Thus, a male participant in the focus session declared, "I don't feel the policy should just fire you like that for sexual harassment. For me sexual harassment is a persistent thing, so if you do it once you get reprimanded. Do it again, you get suspended that kind of way." Sexual-harassment policy formulation cannot be left to the powerful men, male bosses and male supervisors to construct because they (men) have a culturalisation about sex and sexuality which may contravene an effective policy framework or businesses without a national policy framework. Such a situation will foster male sexual violence, discrimination, exploitation and harassment against women, children and economically marginalised groups.
Humans are sexual as they are physical beings. Simply put, sexual relations are embedded in their socio-physiological composition which is why legislation is needed to protect the vulnerable. Early sexual initiation commences during the adolescence in many countries, particularly in Jamaica. (Louie et al, 2009; Penfold et al, 2009; Fatusi and Blum, 2008.)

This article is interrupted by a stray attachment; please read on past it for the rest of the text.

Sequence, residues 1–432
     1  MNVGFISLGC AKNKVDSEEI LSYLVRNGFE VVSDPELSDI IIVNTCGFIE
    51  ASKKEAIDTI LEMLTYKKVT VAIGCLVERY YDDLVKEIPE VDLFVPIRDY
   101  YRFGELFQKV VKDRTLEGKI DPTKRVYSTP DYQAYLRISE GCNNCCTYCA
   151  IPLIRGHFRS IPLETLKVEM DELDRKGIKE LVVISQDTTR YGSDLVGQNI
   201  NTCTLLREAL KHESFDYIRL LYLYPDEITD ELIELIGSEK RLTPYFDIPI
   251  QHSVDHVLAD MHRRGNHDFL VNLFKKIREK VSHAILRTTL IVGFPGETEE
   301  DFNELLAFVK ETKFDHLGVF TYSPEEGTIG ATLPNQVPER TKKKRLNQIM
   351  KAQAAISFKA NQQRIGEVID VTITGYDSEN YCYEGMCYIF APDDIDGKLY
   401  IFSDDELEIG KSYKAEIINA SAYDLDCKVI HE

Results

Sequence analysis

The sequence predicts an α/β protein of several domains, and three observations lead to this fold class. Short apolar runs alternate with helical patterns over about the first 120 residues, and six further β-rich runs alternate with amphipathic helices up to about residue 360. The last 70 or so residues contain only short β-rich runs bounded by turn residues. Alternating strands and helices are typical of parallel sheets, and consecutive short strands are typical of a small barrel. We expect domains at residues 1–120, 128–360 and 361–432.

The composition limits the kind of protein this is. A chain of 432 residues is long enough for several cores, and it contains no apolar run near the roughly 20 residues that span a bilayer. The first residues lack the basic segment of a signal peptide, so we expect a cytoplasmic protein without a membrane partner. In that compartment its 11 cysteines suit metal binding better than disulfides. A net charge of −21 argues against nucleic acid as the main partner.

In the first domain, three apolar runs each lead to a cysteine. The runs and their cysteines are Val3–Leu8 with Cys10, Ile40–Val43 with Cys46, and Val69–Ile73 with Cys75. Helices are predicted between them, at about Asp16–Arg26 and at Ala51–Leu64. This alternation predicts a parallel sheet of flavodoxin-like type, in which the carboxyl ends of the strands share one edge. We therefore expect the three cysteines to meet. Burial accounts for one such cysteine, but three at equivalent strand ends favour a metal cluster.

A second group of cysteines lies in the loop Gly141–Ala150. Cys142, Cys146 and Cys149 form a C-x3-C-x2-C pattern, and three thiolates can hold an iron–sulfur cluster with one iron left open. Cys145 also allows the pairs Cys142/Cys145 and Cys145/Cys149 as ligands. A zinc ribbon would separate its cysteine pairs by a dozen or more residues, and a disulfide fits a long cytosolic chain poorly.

Chevannes, 2005; Jamaica National Planning Board, 2005; Santelli et al, 2004; Ricketts, 1999), making coerced sex a reality across the globe (WHO, 2002). Coerced sex "is frequently the expression of power and dominance over the person assaulted" (WHO, 2002), suggesting that it is through legislation that societies will curb such likely behaviour. This is captured in a publication by Amnesty International (2006) which wrote that, "Violence against women in Jamaica persists because the state is failing to tackle discrimination against women, allowing social and cultural attitudes which encourage discrimination and violence."
As a result of the state's inactions in regard to addressing discrimination against women in Jamaica, sexual violence against women is high because legislation has failed to set a framework that could have been used to curb this practice, which is extended to sexual harassment and intimidation in the society and the workplace (Amnesty International, 2006).